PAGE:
Drunk driving is always a problem, but it is certainly a heightened concern during the holiday season. Law enforcement agencies are well aware of this, and utilize a variety of strategies to identify drunk drivers and get them off the road. One of the challenges for law enforcement is obtaining clear evidence of intoxication.
Law enforcement officers do have the ability to seek breath, blood or urine samples from suspected drunk drivers, but drivers also have the ability to refuse to submit to chemical testing. This doesn’t mean that there are no consequences to refusing a chemical test, but only that a police officer is not able to force a suspected drunk driver to submit to testing, at least under ordinary circumstances.
Under Texas law, an officer is able to require submission to a chemical test in certain circumstances. When an officer has reasonable grounds to believe that the suspected drunk driver has been or will cause a death as a result of operating his or her motor vehicle, the suspected drunk driver may be required to provide a sample. A chemical test may also be required in situations where an individual other than the driver has suffered serious bodily injury or bodily injury requiring transportation to hospital or medical facility for treatment.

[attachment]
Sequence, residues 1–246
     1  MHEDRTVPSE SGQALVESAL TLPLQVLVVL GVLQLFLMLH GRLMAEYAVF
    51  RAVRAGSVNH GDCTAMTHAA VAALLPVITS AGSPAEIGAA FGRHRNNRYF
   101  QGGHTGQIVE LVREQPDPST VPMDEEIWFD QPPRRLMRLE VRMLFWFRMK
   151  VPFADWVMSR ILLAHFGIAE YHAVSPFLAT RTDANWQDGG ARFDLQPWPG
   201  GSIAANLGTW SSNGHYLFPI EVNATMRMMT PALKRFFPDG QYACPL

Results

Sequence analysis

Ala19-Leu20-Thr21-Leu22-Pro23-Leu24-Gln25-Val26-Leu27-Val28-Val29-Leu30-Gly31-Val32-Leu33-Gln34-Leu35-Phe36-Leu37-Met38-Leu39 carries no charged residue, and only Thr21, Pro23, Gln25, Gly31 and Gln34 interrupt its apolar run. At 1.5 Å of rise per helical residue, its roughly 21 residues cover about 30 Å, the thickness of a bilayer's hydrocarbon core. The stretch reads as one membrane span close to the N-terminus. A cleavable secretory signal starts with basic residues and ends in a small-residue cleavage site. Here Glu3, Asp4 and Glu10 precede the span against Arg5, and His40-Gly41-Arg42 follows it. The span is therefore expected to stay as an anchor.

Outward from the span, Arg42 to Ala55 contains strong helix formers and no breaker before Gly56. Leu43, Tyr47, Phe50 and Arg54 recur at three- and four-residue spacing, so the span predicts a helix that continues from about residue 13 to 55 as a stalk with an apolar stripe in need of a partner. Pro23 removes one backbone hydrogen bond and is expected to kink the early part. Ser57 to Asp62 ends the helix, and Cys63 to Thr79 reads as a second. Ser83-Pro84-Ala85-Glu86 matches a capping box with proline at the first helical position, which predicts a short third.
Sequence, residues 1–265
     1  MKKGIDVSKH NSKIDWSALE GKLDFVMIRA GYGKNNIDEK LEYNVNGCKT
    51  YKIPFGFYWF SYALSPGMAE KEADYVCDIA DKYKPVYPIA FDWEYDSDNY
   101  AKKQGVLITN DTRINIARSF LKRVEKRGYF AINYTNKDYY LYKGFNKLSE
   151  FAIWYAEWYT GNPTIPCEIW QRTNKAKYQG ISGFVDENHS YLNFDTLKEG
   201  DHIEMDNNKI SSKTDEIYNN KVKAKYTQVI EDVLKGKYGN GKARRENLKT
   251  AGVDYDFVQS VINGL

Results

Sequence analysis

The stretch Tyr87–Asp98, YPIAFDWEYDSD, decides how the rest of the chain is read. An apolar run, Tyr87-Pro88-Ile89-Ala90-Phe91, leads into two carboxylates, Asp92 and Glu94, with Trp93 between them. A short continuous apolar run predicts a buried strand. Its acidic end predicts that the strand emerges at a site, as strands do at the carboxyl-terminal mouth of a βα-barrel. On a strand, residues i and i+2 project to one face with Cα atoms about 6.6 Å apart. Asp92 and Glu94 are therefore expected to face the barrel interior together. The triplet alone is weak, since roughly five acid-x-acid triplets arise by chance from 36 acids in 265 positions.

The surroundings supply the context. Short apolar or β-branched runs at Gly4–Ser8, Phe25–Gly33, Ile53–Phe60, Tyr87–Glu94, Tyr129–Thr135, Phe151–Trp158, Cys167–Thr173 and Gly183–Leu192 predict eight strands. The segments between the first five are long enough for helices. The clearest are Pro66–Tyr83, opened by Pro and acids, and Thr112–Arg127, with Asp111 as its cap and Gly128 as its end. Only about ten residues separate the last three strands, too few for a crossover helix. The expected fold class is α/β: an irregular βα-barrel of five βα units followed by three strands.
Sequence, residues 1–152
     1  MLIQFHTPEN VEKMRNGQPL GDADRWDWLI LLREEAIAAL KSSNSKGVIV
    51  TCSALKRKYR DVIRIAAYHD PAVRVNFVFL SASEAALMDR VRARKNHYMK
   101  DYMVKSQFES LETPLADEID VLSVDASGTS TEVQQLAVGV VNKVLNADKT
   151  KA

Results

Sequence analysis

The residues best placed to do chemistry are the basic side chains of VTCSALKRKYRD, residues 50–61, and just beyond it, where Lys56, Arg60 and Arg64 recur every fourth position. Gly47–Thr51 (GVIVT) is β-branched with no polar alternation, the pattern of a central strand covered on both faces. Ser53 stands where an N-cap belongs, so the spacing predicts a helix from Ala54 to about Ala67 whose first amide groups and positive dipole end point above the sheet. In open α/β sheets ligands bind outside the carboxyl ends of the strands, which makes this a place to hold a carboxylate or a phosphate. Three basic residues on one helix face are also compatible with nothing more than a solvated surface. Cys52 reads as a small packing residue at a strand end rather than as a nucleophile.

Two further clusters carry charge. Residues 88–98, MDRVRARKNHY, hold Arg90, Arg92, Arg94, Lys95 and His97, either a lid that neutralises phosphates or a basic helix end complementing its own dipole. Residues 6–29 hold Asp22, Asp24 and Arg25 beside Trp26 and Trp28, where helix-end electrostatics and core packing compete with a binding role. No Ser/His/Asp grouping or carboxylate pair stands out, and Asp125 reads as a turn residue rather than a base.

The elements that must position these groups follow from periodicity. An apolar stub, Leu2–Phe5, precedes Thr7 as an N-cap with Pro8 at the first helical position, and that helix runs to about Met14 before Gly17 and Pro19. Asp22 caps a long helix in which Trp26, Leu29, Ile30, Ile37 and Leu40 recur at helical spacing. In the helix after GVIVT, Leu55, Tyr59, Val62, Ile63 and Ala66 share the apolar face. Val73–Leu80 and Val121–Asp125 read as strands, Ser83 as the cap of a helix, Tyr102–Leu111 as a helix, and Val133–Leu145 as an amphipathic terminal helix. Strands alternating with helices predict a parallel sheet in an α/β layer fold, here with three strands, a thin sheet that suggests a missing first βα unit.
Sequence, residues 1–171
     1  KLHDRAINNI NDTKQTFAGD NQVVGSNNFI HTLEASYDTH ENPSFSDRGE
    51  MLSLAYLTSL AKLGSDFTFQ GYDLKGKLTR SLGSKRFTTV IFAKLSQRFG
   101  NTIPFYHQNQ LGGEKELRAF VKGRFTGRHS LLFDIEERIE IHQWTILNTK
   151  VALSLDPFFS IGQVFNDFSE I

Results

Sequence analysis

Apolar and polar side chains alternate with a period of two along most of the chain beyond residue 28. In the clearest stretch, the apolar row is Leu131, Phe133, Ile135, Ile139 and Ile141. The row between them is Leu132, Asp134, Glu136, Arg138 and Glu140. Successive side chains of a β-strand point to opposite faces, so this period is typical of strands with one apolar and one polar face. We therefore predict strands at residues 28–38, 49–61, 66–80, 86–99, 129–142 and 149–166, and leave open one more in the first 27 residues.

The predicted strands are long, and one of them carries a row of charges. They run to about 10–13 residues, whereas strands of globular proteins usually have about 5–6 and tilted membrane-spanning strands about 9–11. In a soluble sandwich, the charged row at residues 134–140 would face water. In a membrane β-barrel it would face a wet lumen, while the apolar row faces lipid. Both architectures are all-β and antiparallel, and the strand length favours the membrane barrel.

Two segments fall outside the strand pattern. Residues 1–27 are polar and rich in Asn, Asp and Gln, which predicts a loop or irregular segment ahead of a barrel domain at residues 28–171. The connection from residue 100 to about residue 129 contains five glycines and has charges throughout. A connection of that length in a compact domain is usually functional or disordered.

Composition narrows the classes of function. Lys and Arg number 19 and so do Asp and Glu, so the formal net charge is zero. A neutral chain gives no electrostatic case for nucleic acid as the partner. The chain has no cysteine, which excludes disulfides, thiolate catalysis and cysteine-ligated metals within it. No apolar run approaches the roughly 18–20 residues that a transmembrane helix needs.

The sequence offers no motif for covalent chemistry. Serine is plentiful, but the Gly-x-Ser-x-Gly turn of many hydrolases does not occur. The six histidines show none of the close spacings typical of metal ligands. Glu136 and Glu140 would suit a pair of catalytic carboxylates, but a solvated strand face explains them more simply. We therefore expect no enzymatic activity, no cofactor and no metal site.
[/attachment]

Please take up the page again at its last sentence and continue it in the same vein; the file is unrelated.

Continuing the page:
Chemical testing may also be required of a suspected drunk driver in cases where the driver has a child in his or her vehicle or in cases where the has reliable information from a credible source that the suspect has a prior conviction or has been under community supervision for driving while intoxicated with a child in the vehicle, intoxication assault, or intoxication manslaughter. The offense does not have to have occurred in Texas, but may also have occurred in another state, provided the offense(s) contains elements which are substantially similar to Texas law.
In an upcoming post, we’ll continue looking at this issue, as well as the topic of “no refusal” DWI enforcement.